There’s a better way to manage your inbox–let SaneBox do most of the work for you.
Email is a pain. There are simply too many messages to handle—and I’m not even talking about spam from marketers (I use a separate address to collect those emails). The headache is the increasing number of legitimate business messages—it’s a humongous time-suck that only seems to be getting worse.
Two years ago I answered nearly every message. A year ago I downgraded to at least trying to read them all. Last winter I started scanning the sender subject fields concentrating on the ones coming from people I knew or looked like they might contain information I needed. And lately, I’ve been considering closing my account and starting over with a private address reserved for only work colleagues and select sources.
Until, that is, I tried SaneBox.
It’s like Gmail’s Priority Inbox feature in that it looks at your messages and prior history engaging with those senders and decides which emails you’re likely to deem most important.
When you turn on the Priority Inbox feature in Gmail, Google separates your email into three categories: Important and unread, Starred, and Everything Else; all the mail is still in your inbox, but the important messages are up top.
SaneBox is a bit different in that it removes less important messages from your inbox completely, moving them to an @SaneLater folder that you can peruse whenever you want. If SaneBox puts an important message into that folder you can move it to your inbox and it remembers the action so the next time you receive a message from that person, it will go to your inbox.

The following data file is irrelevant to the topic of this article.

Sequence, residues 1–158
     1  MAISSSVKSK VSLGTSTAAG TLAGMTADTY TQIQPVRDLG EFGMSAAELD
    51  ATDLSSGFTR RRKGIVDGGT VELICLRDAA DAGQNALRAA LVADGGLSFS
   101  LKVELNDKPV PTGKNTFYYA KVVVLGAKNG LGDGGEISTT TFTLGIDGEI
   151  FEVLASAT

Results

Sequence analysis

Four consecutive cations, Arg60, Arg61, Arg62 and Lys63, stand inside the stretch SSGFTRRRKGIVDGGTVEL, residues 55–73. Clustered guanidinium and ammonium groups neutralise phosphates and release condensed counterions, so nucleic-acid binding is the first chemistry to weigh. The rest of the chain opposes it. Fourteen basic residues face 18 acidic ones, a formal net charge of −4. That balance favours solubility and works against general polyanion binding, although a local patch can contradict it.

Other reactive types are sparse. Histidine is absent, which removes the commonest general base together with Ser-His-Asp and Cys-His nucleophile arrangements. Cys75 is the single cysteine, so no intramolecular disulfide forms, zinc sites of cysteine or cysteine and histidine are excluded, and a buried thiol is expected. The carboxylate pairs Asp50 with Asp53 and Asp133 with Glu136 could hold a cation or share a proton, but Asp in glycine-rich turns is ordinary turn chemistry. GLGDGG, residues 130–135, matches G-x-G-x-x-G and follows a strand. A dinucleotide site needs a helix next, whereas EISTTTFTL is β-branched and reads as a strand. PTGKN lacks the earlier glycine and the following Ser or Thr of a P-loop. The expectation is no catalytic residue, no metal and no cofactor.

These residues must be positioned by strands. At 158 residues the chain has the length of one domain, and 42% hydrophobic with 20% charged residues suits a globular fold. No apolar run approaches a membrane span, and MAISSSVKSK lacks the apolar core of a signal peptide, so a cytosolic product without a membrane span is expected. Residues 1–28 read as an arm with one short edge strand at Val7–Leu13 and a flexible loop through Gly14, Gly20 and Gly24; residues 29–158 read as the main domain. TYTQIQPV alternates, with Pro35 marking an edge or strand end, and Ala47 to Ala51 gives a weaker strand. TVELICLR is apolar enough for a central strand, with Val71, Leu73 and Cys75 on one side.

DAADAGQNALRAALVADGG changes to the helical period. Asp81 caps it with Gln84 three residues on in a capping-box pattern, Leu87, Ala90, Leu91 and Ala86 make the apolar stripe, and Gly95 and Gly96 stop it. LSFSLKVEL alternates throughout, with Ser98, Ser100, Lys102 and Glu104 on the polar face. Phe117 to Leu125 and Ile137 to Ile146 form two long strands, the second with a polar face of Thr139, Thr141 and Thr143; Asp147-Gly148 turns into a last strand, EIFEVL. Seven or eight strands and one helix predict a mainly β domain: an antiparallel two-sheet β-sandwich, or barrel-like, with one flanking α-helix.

Priority Inbox is trainable in this way, as well; the more you move stuff around, the better it gets at categorization. But I prefer SaneBox.
SaneBox vs. Gmail’s Priority Inbox
SaneBox gives you a custom dashboard including a timeline that graphs how many important and less important emails you get every day. My current average, according to SaneBox, is 81 a day. If I took a minute to read, digest, and respond to each one of them, that’s nearly an hour and a half a day going through email. If you figure there’s at least 250 work days in a year, I’m spending 375 hours annually on email. That’s not acceptable.
In addition to the @SaneLater folder that stores non-essential messages, you can also enable folders such as @SaneNews for newsletters and @SaneBlackHole for those messages you want to send straight to your Trash. (Ha! Finally I’m getting revenge on a certain five-letter-titled fitness magazine that has not let me unsubscribe to its newsletters for two full years!)
And it also has a nifty feature that lets you CC or BCC a message to @SaneBox.com to remind you if someone doesn’t respond.
So let’s say you need an answer from your boss about a project and you need it no later than two days from now. In the CC field just include the address 2days@SaneBox.com and in two days SaneBox will put the message back in the top of your inbox if she never replied to it. This way you remember to bug her again.
SaneBox also creates an @SaneRemindMe folder that lets you keep track of all the messages to which you still need replies. Use oneweek@SaneBox.com, June5@SaneBox.com or 5minutes@SaneBox.com; it doesn’t matter, SaneBox will figure out the time frame you need.
The service is $5 a month and works with email clients such as Microsoft Outlook, Apple Mail, iPhone, and Android and as well most email services like Microsoft Exchange, Yahoo, AOL, and Gmail. The only service it doesn’t currently support is Hotmail.